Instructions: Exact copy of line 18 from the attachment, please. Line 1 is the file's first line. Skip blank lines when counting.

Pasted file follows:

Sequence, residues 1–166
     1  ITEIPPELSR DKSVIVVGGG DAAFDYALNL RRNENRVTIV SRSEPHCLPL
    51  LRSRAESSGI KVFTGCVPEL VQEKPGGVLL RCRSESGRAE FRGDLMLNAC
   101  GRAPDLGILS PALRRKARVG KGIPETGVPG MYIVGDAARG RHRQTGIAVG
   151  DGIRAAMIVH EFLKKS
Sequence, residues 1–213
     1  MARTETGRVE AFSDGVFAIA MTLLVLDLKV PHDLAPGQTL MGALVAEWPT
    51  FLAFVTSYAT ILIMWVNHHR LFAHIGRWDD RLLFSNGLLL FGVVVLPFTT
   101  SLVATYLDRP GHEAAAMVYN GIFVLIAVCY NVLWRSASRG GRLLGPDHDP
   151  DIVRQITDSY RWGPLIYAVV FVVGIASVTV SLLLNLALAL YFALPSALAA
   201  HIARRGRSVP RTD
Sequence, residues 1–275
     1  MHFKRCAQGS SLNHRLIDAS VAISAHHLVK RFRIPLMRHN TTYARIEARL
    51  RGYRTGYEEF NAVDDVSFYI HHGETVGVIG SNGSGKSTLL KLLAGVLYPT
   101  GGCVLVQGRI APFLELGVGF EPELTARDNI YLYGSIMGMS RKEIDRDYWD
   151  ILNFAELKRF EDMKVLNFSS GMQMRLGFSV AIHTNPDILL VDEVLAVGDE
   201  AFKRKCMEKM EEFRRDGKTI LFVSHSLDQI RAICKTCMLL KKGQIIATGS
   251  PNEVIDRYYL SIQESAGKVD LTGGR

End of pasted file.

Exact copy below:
   251  PNEVIDRYYL SIQESAGKVD LTGGR